Sid Schweiger sid@wrko.com
Thu Mar 31 09:36:57 EDT 2011

"It would, however, be stronger if it contained no words that were vulnerable to a dictionary attack.  "NSzYAYh-40%PYICi&2" is much stronger, as it contains no dictionary words and incorporates three non-alpha-numeric characters (-, % and &) instead of one (-) repeated three times."

A nice idea, but in practice maybe not so much.  The problem is that passwords have to be used by people, not machines, and a password that bears no resemblance whatsoever to anything in human experience is going to be either forgotten regularly or written down and posted on the user's monitor, which is the same as having no password at all.  From an admin's POV, setting too strict a password policy leads to workarounds which inevitably end up compromising the very security passwords were intended to protect.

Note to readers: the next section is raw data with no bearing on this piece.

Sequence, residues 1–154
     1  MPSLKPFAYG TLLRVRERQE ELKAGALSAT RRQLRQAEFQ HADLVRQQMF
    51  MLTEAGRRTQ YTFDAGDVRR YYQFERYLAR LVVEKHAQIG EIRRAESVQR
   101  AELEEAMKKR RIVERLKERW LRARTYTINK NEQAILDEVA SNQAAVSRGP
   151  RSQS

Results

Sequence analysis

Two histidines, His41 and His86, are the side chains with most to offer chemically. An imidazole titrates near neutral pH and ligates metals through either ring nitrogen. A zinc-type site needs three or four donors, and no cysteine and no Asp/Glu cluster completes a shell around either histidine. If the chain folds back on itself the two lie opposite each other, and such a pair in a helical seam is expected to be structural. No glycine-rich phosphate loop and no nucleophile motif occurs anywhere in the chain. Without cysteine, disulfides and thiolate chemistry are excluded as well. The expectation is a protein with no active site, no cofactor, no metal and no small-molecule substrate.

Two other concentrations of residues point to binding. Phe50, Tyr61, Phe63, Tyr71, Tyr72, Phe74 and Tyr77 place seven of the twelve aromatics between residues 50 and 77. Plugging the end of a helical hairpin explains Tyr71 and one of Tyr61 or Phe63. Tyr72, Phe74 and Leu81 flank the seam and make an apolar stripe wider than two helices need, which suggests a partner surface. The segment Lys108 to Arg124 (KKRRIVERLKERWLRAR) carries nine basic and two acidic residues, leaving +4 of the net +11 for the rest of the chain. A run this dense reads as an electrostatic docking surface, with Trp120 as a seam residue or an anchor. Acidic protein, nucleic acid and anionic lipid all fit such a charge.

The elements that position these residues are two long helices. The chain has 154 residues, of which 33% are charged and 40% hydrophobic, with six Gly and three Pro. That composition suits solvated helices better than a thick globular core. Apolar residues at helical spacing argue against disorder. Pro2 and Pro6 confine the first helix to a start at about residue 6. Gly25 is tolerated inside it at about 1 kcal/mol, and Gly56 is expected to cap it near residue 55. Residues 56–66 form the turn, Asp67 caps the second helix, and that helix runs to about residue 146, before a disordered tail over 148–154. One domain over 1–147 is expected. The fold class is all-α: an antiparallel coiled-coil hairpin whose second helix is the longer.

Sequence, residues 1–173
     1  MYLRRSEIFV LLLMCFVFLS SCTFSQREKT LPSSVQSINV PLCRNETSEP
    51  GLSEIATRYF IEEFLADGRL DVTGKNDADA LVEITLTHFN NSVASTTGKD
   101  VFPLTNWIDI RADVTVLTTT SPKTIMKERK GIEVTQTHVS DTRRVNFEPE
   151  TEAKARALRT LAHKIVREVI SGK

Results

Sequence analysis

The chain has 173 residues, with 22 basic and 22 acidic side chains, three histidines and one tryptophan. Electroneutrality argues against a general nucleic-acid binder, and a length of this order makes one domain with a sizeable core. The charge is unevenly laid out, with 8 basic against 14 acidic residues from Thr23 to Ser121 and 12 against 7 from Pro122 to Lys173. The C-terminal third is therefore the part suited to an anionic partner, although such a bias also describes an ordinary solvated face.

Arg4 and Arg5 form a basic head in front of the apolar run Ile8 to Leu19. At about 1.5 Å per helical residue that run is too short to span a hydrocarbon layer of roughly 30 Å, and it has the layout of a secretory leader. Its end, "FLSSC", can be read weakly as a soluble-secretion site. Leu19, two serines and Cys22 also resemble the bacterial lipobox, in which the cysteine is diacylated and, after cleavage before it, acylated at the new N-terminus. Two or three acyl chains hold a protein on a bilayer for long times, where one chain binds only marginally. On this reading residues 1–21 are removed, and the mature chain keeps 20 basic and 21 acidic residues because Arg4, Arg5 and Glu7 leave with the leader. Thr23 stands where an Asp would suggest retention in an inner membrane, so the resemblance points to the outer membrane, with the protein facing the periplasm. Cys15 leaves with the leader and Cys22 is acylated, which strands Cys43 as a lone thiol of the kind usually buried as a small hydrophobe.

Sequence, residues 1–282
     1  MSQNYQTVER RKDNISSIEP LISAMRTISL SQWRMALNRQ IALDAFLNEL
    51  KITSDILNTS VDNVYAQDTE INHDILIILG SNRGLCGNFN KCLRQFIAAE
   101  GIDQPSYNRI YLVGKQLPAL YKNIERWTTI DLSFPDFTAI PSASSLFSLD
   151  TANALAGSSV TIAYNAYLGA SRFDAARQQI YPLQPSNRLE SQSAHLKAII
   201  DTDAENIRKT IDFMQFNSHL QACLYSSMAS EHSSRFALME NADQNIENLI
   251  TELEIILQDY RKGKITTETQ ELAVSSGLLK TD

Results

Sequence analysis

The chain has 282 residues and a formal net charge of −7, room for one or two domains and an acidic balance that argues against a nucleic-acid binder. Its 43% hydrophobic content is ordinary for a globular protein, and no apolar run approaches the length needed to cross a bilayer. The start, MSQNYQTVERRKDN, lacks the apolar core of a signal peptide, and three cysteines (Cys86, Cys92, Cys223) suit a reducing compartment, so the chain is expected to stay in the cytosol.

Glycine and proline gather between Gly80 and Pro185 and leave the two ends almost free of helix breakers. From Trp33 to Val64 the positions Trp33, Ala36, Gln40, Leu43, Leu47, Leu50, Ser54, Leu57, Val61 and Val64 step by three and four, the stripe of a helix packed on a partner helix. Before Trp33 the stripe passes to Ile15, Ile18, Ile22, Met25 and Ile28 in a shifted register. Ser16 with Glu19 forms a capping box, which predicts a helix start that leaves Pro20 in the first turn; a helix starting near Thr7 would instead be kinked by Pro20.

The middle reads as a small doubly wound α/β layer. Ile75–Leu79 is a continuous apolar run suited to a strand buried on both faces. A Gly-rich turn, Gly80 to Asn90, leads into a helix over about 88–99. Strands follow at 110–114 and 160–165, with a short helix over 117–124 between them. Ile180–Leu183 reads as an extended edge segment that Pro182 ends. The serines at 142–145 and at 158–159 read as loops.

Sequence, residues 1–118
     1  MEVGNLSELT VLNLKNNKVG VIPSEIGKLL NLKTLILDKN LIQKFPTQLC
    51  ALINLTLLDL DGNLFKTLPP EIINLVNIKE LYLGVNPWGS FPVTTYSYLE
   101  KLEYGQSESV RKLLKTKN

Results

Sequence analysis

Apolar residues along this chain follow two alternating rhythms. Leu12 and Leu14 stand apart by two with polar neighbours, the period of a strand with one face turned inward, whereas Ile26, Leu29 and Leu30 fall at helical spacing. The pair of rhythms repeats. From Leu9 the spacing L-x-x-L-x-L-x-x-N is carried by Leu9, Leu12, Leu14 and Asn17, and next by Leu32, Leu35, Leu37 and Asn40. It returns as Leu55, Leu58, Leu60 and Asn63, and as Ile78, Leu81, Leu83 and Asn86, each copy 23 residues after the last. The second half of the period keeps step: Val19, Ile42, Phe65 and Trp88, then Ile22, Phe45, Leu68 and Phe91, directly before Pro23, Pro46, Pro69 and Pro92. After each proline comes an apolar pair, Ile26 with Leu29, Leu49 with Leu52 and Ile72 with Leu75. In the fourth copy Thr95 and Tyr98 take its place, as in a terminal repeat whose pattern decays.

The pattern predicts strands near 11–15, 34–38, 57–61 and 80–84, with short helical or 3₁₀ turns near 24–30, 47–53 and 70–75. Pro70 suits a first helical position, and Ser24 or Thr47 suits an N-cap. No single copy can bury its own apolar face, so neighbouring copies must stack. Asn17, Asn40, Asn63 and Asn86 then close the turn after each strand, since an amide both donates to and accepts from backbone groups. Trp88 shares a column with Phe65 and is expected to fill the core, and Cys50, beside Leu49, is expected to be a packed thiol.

Sid Schweiger
IT Manager, Entercom New England
20 Guest St / 3d Floor
Brighton MA  02135-2040

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